In Budapest (Hungary), there are three congregations of The United Methodist Church. The Hope Church is the smallest of them - but it has an amazing radiance, because it does not only carry hope in its name, but also lives it credibly.
About 13 years ago, the then 50-year-old Györgyi Vályi was invited to Hope Church in Budapest. Although she had attended church events since her childhood, she had never seen anything like this before: The group was mixed, even some homeless people attended the church services - and there was a pronounced social sensibility that still characterizes this congregation today.
At that time two older members were studying theology, and when Györgyi Valyi saw their enthusiasm, she wanted to expand her knowledge by studying theology, as well. Without any particular aim. Simply out of interest. And most important: without any idea that God might have a plan for her.
Studying alongside her full-time job was very hard – and in addition, she took care of her bedridden grandmother for several years. Looking back, it is clear for Györgyi Valyi: “God gave me the strength for all this.” Without his help, she would probably have given up.
As part of an internship in an old people's home, she led weekly Bible studies, which she continued after completing her studies with a focus on “social counseling”. At the same time, more and more ministry opportunities opened up for her in the UMC – until she was asked by the church leadership to take over the responsibility for Hope Church.
Györgyi Valyi hesitated. But then she read John 15:16 – and had the impression that God would speak to her: “You have not chosen me, but I have chosen you...”. With peace in her heart she said yes to this new challenge. Looking back, she confesses: “I began to understand that this turn of my life was not an accident, but God's plan.”
After more than 40 years as a beautician and entrepreneur, she was suddenly a beginner again. Her service in the church presented her with hurdles that had to be overcome – “and it taught me humility”, she admits. “I had to grow and learn day by day – not only in my knowledge of the Bible, but also as a leader.”
At the end of her first year, she became insecure because of the many difficulties. Was this really what she as supposed to do? Again, God spoke to her through the Bible: “Listen to my advice! Do not go to another field to gather corn.” (Ruth 2:8) In the midst of the Covid-19 pandemic, a new vocational certainty grew in her and she continued her ministry. For many weeks, it was not possible to meet in the rooms of the church. Contacts via the Internet and telephone became increasingly important. But during this unprecedented time, the church even moved closer together.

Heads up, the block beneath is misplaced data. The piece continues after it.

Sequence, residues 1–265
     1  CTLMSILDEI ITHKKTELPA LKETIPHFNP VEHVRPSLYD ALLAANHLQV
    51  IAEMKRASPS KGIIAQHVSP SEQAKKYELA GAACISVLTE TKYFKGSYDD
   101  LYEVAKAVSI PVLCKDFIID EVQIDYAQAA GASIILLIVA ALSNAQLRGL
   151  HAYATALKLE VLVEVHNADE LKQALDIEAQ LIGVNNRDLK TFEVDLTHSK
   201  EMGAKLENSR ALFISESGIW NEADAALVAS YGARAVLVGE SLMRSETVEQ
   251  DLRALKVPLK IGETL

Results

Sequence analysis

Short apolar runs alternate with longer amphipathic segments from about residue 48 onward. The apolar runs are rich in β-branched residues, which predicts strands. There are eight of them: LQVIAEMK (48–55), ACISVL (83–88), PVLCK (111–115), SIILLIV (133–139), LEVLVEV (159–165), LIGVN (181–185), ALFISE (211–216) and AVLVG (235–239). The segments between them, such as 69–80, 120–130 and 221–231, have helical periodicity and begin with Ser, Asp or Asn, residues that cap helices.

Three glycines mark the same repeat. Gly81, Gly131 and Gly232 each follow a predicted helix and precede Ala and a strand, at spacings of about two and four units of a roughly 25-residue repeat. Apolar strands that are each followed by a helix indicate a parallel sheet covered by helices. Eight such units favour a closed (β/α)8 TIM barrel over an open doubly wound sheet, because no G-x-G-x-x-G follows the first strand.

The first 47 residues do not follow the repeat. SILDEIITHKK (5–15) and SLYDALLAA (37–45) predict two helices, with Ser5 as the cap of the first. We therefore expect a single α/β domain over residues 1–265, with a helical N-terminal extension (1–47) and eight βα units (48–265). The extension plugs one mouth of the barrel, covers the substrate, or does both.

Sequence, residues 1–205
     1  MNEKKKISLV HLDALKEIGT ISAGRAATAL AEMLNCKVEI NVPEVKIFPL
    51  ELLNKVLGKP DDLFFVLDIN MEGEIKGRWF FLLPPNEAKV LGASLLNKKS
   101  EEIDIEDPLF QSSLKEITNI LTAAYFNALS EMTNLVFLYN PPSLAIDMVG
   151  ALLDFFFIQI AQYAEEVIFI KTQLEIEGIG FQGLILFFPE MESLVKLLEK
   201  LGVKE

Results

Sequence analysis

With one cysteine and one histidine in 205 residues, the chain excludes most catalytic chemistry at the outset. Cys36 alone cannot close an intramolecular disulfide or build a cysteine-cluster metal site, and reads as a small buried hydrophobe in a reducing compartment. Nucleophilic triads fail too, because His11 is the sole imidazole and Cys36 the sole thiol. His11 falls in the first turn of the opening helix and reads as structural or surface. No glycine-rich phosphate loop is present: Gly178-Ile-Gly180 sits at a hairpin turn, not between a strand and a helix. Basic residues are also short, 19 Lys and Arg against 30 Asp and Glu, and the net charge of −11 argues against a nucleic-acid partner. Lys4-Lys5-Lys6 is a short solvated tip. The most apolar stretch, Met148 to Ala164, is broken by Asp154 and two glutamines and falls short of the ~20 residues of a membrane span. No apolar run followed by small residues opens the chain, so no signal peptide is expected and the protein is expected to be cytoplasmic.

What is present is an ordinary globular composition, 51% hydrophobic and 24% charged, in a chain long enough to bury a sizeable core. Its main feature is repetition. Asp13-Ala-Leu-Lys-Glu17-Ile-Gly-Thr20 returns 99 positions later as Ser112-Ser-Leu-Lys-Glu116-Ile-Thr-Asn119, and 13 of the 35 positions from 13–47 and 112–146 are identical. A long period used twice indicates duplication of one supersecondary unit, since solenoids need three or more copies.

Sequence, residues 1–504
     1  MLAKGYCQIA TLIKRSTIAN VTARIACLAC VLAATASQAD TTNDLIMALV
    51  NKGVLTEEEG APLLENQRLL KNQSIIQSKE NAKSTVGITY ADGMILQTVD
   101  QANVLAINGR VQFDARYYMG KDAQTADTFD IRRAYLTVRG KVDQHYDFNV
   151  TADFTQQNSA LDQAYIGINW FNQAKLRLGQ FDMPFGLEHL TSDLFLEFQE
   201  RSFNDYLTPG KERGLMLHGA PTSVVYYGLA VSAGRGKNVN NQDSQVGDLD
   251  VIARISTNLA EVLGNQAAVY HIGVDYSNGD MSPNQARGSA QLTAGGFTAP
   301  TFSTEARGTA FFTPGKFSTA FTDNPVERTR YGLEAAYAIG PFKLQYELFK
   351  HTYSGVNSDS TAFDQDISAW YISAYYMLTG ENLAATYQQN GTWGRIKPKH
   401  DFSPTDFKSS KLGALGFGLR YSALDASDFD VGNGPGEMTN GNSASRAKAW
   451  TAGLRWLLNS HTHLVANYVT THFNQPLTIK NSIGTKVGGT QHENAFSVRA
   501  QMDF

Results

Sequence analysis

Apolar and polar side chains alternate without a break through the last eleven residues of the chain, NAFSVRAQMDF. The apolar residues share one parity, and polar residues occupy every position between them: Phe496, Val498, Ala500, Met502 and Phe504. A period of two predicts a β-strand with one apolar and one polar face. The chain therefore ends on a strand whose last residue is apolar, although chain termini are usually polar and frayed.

“There are not many of us,” Györgyi Valyi knows. “About 15 to 20 people gather regularly for the worship services.” However, she does not feel like a lone fighter because of this. “We keep in touch even outside the church, pray for each other and spend time together.” Above all, she emphasizes the social sensitivity of the church. Each and every one serves people on the fringes of society and helps to ensure that hope is planted in people's hearts in a very practical way. “Humanly speaking, we may serve beyond our means, especially since our average age is between 60 and 65 years. But because we are responding to a call we have received from God, we can also draw strength from above.”
But how is the hope of faith passed on concretely? Györgyi Valyi does not need have to think long: “Klári and Bandi preached to the homeless in an underpass until restrictions made this ministry impossible. Bandi has also preached in hospitals, and Klári works as a counselor in a home for mothers with children who are homeless or have fled from their violent husbands and fathers. Zsóka makes visits to an old people's home. With Nora's help, we have supported a Hungarian-speaking community in Transcarpathia (Ukraine) – financially and in other ways. Marika works with street children and visits Roma families in Tatabánya (60 km from Budapest). Betti and her family are involved in a Christian literature ministry. Kata is committed to helping people who are on their way from an alcohol disease to a new life.”
The Covid-19 pandemic may limit or redirect the activities and impact of Hope Church. It is, therefore, Györgyi Valyi’s prayer “that our church will recognize the way that God wants to show us”. She trusts that God has prepared wonderful things for those who love him. And while she confidently waits for this to become visible, she is working, in the midst of all the uncertainty of these days, to make Hope Church a church of hope for many people.
Source: UMC in Hungary / Urs Schweizer, Assistant to Bishop Patrick Streiff